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Living Well with Logansport Memorial Hospital : top health concerns for women over 50

Turning 50 is a big milestone in our society. It's also a time that involves lots of changes in your family and in your body. You may have kids going to college or getting married, challenges at work that you haven't had before and other increased stresses in life. Is's also hard to escape the fact that your body is getting older. You're not bouncing back as quickly as you used to and you might tire more easily. The risk for many common health problems increase as you age and 50 is a good time to take stock and make some healthy changes. What health concerns should you watch for. 

Women over 50 Health Concerns

A number of medical conditions become more common in people over 50. Aging increases the risks for chronic diseases such as diabetes, arthritis, respiratory disease and heart disease. For women over 50, here are four specific health concerns to monitor and discuss with your doctor: 


Menopause can start as early as age 40 and as late as age 60 and is a normal part of a woman's life as menstruation ends the ovaries begin to produce less estrogen and progesterone. Each woman experiences menopause differently. Common symptoms include irregular periods, hot flashes, vaginal and bladder problems, changes in sexuality, fatigue and mood changes. Many women also notice changes in their physical appearance including a thickening at the waist, loss of muscle and loss of skin elasticity. As a natural part of life, menopause itself does not necessarily need treatment but you should discuss your symptoms with your doctor each year to see if lifestyle changes or therapies can help relieve any discomfort. 

Learn more about menopause


Osteoporosis is a disease in which bones become weak and brittle. If left unchecked, osteoporosis can progress painlessly until a fracture occurs. Any bone can be affected, but of special concern are fractures of the hips, spine, and wrists. If diagnosed early, progression of osteoporosis can be slowed and complications reduced. For the first decades of life, new bone is added faster than old bone is lost but as we age, that process slows down and our bones naturally lose density. When women reach menopause and their estrogen level drops bone loss begins to more rapidly exceed bone replacement. 80 % of people with osteoporosis are women. Osteoporosis is a silent disease with few symptoms early on. Doctors often recommend bone mineral density scans to help assess your risk and determine the proper prevention or treatment options.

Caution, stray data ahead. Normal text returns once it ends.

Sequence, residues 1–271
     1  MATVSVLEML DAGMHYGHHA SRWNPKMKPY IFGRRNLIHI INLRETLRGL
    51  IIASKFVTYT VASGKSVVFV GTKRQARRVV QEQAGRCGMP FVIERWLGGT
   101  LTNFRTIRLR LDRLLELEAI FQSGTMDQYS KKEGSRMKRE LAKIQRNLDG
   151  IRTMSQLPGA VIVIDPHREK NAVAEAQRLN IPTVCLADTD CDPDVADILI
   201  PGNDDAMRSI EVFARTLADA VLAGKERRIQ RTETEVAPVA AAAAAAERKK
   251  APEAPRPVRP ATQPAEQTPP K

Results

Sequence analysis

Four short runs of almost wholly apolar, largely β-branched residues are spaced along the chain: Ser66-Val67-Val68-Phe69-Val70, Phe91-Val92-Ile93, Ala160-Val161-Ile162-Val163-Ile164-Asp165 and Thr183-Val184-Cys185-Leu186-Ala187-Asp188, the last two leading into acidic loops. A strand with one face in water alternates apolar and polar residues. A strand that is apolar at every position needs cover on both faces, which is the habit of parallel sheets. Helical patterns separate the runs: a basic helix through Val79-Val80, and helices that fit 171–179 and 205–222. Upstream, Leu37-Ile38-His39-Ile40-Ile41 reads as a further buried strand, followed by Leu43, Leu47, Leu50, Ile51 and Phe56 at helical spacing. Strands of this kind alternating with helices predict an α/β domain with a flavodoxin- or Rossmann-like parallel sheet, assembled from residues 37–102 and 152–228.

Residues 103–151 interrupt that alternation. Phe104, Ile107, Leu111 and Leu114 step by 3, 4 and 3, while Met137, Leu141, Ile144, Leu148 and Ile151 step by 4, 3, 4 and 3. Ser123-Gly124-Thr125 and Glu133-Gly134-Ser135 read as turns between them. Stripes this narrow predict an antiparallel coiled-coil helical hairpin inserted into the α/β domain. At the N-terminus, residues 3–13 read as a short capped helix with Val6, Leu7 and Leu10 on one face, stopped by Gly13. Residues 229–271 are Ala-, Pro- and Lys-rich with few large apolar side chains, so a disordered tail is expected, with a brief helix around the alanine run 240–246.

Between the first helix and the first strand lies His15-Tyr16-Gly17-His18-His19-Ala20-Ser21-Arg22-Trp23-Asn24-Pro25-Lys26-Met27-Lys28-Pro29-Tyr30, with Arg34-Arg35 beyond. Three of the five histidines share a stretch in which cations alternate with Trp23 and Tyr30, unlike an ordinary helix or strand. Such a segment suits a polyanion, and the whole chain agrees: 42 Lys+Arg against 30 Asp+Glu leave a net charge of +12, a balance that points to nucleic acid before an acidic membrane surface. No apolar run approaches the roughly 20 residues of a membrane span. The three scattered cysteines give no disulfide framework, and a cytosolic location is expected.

Learn more about osteoporosis

Heart disease 

As we age, our heart function naturally begins to decline. That's why heart disease is the most common in people age 65 or older. Other health conditions that tend to become more common as we age can further weaken the heart and make you more susceptible to heart failure. Women are more likely than men to have some conditions directly associated with heart disease. 

  • Diabetes 
  • Obesity 
  • History of stroke 
  • Heart failure 
  • Depression 

When women have heart attacks they are more likely to have more chest pain and poorer physical health than men in the month leading up to their heart attack. Heart disease is a leading killer of women but too few women are under diagnosed. It is important to visit your doctor annually and ask them to check your heart and discuss your personal risk factors for heart disease. 

Learn more about heart disease


Catching cancer early, when it is easier to treat, gives men and women the best chance of survival. Some cancers are more common in women and have screening guidelines that start at age 50. Knowing what you can do about each can help you prevent them or find them early. 

  • Breast cancer: The American Cancer Society recommends women get mammograms every year from 45-54 and every two years after age 55.
  • Colon cancer: The American Cancer Society recommends a colonoscopy or other colon screening test starting at age 50.
  • Endometrial cancer: The pap smear is a test for cancer of the cervix but not endometrial cancer. Talk to your doctor before you start menopause to learn the symptoms you should watch for, including unusual bleeding not related to  menstrual periods. 
  • Ovarian cancer: There are no screening test for cancer but a pelvic exam should be part of your regular health exam. There are some symptoms that warrant a special call to the doctor if they happen for more than a few weeks: abdominal swelling, digestive problems, abdominal or pelvic pain, the feeling of needing to urinate all the time.

There is one common thread that runs through each of the medical conditions mentioned in this article: see your doctor regularly. Annual health check-ups are the best way for you to monitor any changes in your health and make sure you stay up to date will all screening guidelines that are often tied to your age.

When you turn 50, take some time to examine your habits and make some changes to get you on the road to your best self.

More tips for a healthier life after 50

  • Schedule your health screenings: colon cancer, mammograms, pap smears and bone density scans
  • Keep up with annual check-ups
  • Watch what you eat - stay away from unhealthy fats and focus on fruits, vegetables, lean proteins and whole grains
  • Ask your doctor about your daily requirements of vitamins and minerals
  • Exercise regularly 
  • Get more sleep 
  • Take quiet time for yourself - meditation, prayer or something that inspires you 

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TOPICS: Health, Women's Health